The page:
Thursday, August 25, 2011

Art Facilitation 02.7

This is a cropped example of the process of making the "family tree".
In order to protect the identity of the individual and their family I have cropped  the page.

My potato print family tree.

Who is my family?

This next exercise is not purely an art & craft exercise. I modified it from a genogram, which is usually used by doctors, social workers and counsellors, making it a fun exercise for them.

A genogram looks a bit like a family tree. I think the children understand this explanation better and so this is why I called it a family tree. Genograms are used to show familial patterns and trends of addictions (alcohol and drugs) and abusive relationships; as well as physical problems and illnesses such as heart, cancer, diabetes etc.

  • Through potato prints make a basic fun ‘family tree’ which will indicate the dynamics in a similar way that a genogram would.
  • To explore and indicate the family dynamics e.g. who they live with, who they like relating to, the feelings in the family and who is deceased. In this way they discover more about who they are. In the group they can develop an appreciation for each other through discussion.
  • The discussion facilitates appreciation and understanding of how they might be going through similar situations. In this way it develops a bond and support in the group.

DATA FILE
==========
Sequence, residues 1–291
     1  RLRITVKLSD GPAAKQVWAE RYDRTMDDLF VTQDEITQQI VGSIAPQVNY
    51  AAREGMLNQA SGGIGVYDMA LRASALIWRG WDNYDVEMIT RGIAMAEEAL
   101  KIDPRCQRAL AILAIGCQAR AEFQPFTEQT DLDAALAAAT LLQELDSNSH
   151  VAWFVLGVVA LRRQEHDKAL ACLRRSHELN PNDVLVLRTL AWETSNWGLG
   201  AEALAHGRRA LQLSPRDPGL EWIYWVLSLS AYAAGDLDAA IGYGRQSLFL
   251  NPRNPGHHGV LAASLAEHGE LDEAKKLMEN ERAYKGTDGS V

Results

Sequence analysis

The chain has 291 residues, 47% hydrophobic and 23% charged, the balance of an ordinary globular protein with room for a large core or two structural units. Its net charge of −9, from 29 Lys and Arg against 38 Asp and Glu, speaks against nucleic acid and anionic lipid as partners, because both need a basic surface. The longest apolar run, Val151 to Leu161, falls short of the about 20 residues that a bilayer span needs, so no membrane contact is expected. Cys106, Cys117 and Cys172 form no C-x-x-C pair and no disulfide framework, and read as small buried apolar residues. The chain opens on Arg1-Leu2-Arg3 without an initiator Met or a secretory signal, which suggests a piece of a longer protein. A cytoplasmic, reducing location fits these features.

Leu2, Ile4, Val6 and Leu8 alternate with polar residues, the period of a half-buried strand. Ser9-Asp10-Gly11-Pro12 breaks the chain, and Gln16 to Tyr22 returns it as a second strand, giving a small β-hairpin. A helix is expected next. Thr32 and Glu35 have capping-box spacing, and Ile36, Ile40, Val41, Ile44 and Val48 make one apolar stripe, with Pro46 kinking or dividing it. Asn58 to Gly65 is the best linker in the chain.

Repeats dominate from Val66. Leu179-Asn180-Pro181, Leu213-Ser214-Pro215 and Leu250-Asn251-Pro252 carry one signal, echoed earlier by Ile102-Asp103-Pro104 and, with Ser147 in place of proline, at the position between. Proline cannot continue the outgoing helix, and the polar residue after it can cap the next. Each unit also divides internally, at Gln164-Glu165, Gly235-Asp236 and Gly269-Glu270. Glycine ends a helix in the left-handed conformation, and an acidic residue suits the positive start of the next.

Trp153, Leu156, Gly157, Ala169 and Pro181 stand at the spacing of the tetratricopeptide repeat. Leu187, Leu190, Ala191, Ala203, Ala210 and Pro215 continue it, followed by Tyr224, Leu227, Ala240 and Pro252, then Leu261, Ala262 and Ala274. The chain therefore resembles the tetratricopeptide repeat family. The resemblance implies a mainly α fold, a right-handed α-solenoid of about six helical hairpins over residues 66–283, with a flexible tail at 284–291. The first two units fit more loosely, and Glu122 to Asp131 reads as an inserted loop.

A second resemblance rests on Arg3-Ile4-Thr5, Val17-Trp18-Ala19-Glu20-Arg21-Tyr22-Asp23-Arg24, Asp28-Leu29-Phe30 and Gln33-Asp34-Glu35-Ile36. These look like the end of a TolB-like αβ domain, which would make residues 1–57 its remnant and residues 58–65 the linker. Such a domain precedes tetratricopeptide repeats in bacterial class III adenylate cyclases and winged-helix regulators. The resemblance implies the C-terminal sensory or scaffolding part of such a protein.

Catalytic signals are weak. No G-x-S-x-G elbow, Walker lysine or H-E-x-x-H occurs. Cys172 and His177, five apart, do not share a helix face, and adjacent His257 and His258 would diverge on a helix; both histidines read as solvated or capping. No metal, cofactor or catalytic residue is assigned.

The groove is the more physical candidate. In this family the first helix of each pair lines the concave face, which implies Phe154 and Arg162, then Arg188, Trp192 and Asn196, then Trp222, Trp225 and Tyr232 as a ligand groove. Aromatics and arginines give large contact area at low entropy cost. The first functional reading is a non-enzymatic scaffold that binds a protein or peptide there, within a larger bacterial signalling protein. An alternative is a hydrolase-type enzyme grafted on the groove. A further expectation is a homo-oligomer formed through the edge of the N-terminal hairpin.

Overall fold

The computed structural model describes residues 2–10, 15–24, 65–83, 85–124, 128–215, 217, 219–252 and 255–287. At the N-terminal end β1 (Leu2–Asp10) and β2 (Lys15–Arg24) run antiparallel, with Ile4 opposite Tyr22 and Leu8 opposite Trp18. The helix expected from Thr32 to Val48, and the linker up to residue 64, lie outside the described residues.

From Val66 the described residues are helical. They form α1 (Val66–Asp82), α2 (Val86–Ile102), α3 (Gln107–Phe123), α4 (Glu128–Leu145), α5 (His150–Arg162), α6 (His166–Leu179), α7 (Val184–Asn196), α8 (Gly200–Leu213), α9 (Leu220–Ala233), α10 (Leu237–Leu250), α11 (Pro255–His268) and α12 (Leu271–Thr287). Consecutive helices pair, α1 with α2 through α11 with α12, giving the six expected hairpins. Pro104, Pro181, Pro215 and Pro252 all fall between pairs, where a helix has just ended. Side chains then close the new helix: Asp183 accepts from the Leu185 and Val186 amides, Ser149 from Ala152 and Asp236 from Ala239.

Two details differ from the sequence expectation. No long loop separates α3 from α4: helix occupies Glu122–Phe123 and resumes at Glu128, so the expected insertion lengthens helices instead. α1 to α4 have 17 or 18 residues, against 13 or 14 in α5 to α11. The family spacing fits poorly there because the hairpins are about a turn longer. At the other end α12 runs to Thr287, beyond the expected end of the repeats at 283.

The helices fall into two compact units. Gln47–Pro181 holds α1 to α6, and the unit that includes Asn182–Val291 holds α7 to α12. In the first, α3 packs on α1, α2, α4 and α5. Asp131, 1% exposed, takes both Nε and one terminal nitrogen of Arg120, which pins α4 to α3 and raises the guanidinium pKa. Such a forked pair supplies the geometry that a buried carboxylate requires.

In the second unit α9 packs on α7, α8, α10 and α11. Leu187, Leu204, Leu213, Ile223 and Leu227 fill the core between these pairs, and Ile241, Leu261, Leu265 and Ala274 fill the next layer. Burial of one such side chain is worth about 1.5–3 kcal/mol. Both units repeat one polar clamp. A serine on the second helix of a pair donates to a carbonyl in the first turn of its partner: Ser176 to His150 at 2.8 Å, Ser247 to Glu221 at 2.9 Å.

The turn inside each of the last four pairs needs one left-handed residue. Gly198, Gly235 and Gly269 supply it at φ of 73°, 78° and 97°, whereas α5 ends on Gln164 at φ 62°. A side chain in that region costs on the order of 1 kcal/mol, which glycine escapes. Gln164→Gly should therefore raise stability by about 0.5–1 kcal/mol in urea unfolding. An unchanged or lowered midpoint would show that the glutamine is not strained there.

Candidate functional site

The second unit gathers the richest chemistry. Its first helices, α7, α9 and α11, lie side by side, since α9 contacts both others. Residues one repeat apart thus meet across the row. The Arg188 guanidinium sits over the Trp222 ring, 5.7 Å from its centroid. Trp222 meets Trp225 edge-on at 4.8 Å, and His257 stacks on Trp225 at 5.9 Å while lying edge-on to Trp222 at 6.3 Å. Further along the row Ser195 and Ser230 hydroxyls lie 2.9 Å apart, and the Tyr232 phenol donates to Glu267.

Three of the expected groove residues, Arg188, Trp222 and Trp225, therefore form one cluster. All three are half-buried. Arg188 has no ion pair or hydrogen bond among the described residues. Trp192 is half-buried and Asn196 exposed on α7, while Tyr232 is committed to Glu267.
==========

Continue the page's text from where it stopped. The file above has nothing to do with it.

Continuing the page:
I will explain step by step how I managed to involve the children in documenting their family system.

  1. Draw two horizontal lines across the page, dividing the page into three in this way making a three tiered ‘graph’ showing the family: (1) children: brothers, sisters and cousins; ( 2) parents: moms, dads and aunts and uncles; and (3) grandparents.
  2.  In the middle of tier (1) make a potato print symbolizing themselves.
  3. Then print all their brothers, sisters and cousins who might be living with them, in the same row.
  4. After that move to tier (2) showing mother/father/ aunt/ uncle with whom they live.
  5. Next show in tier (3) their grandparents.             
  6. Once this is done the first tier should be dry and they can add limbs and faces. In this way they can work their way back up the tiers doing the same for the rest of their extended family.
  7. I then asked them to draw a line from them to the person they enjoy talking to (there could be more than person). This is to help them identify for themselves who they most trust.
  8. Lastly I said they could indicate if someone had died in the family by putting a cross through them.

They can decorate the family drawing with glitter glue and foam shapes.
Informal discussion can evolve into sharing what they have in common with the other members of the group, e.g. what happens in the family, who looks after them, who has to look after themselves, who has experienced loss of a parent or grandparent.

Glitter glue and potatoes.

  • Paper, 
  • paint, 
  • potatoes, 
  • pencils
  • crayons, 
  • foamtastic shapes
  • glitter glue.


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